During the 1980s, the Nightcrawlers were definitely the most prolific American band following the muse of the Berlin School of electronics long before it was fashionable.
The band was also a force to be reckoned with among the indie cassette culture of the Eighties, releasing numerous cassette tapes of their ambient electronics and selling them through mail order and at their many concerts.
As the Nightcrawlers, Peter Gulch, Tom Gulch, and Dave Lunt applied themselves with a fervor to creating a considerable amount of memorable electronic music (specifically in the late-Seventies Tangerine Dream style).
After releasing over forty cassette tapes and three albums, the Nightcrawlers called it quits in the early-Nineties.
INTERVIEW WITH PETER GULCH
Q: As with many electronic ensembles, there was no leader in the Nightcrawlers. The driving force was a gestalt mind, right?
PETER GULCH: Yes, pretty much so. We had three people with similar ideals and feelings about the music. When we jammed and came up with a "piece", if you will, it certainly was from the melding of three people's feelings. The music sort of formed itself from these feelings. I think it also kept us from getting into conflicts about who was to do what. We jammed and what happened, happened. It was quite magical at times. As far as the business side of the band, we had a fairly democratic method of dealing with things, but in the end, I pretty much was designated as the final decision maker. I dealt with the lawyers and copyright stuff.
Q: With a second album title of "Spacewalk", the band was clearly aware of the bond between electronic music and outer space. Care to discuss the connections?
PETER GULCH: I believe that the connection came from two of the members who were really into astronomy and science. Way before the music-making started, there was real interest in space exploration, science fiction, and such. Electonic music (at least certain forms of it) allowed one to create aural sculptures that clearly were dependent on the cerebral reciprocity between wave and being and whatever inherent formulations that each carries. Space seemed to generate the imagery evoked by this relationship. I suppose that these connections might be different for those of different backgrounds and pre-dispositions. For us, though, the type of music we were doing definitely evoked images of space because they were already there. Rather than go off into too much philosophical discussion on this, I hope you get the idea. What is very interesting, however, is that so many other individuals formed the same types of connections.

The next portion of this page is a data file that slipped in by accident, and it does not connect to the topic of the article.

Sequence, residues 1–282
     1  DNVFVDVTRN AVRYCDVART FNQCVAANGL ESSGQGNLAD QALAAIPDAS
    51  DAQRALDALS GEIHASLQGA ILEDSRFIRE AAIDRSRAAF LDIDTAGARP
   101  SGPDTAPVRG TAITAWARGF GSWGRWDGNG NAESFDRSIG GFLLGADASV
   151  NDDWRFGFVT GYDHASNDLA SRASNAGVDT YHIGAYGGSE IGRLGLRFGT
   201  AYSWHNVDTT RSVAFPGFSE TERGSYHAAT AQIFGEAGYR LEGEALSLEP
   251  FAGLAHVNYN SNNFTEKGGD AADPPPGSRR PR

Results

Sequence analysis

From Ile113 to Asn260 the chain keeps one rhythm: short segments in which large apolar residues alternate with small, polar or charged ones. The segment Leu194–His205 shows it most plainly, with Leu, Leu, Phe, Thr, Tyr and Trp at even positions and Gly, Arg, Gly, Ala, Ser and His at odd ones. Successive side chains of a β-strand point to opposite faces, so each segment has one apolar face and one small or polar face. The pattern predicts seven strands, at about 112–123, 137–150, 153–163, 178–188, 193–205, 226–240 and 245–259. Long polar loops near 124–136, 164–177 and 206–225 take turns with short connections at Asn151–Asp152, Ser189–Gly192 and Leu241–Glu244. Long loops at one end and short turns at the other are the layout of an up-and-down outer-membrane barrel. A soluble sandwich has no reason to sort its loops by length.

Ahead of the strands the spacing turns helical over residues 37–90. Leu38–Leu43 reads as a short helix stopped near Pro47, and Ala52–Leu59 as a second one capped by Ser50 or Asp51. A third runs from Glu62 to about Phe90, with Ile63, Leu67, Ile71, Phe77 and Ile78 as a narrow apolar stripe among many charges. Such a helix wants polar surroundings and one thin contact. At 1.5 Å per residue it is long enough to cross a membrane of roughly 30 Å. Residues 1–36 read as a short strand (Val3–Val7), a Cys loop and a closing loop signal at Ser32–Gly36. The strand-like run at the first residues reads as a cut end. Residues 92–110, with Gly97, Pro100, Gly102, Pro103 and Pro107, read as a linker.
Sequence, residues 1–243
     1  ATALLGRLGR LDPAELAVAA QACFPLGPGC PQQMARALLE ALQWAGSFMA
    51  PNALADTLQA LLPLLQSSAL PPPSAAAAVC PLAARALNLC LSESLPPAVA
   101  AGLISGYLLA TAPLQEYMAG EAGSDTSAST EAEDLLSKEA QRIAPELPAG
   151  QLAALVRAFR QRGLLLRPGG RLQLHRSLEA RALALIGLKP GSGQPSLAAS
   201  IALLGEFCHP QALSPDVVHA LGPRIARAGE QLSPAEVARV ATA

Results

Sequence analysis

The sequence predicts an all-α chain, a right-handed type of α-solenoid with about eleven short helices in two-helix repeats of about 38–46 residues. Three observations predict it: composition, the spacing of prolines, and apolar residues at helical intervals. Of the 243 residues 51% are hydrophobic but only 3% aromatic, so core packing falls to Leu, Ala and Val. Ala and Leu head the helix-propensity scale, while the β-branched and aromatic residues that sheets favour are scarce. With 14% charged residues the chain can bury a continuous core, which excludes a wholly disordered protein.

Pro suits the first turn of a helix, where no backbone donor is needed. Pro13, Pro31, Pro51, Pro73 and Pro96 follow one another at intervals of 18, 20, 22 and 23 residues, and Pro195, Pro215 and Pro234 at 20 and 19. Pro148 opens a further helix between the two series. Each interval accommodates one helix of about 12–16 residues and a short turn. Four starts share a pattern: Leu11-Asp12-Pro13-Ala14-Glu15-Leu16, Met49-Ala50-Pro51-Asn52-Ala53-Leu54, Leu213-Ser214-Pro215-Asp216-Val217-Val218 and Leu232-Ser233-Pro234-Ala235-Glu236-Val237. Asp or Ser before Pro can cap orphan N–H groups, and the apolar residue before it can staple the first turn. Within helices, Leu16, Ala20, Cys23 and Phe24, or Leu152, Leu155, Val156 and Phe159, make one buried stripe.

Q: With the Nightcrawlers gone, have you been persuing any sonic endeavors?
PETER GULCH: The Nightcrawlers disappeared in 1991. Since that time I was involved with several other E-music undertakings. I worked with Chuck van Zyl on a really excellent space music album entitled "Regeneration Mode". This album received universal acclaim as being one of best space albums ever produced. I have worked until just recently with Chuck's new band (The Ministry of Inside Things) and did many, many concerts in the area. I am going to try to put out either a limited edition box set CDR of some of my own personal music that has never been published or released, or it might even appear on the Manikin Record label in Germany. I don't have an exact timetable in mind just yet. But it will probably be sometime in 2002. I have about 3 hours worth of music that I created during the period 1991 to 1997. As you might imagine, some of the music is definitely "Nightcrawlerish", while a lot is my own explorations into different realms. I think that when this is released, folks will get a whole different perspective on my side. I am currently in the process of editing the material and getting it ready for production.
Q: What was the last scientific discovery that made you go "Wow!"?
PETER GULCH: I have always been keen on science ever since I was a little kid. It pretty much drove my educational leanings with degrees in mathematics and chemistry. I still like to keep up with the latest happenings in science. If I were to pick one of the last discoveries that made me go "wow", I would have to give a nod to quantum computing. This is a really exciting field. It's implications are far reaching for the future.